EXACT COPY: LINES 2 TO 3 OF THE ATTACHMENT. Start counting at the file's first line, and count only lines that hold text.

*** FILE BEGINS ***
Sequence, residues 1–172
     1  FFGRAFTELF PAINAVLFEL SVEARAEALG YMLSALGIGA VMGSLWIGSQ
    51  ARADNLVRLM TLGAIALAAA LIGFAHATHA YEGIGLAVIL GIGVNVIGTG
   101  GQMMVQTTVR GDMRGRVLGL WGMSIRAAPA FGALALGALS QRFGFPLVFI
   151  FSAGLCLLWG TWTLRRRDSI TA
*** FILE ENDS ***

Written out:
     1  FFGRAFTELF PAINAVLFEL SVEARAEALG YMLSALGIGA VMGSLWIGSQ
    51  ARADNLVRLM TLGAIALAAA LIGFAHATHA YEGIGLAVIL GIGVNVIGTG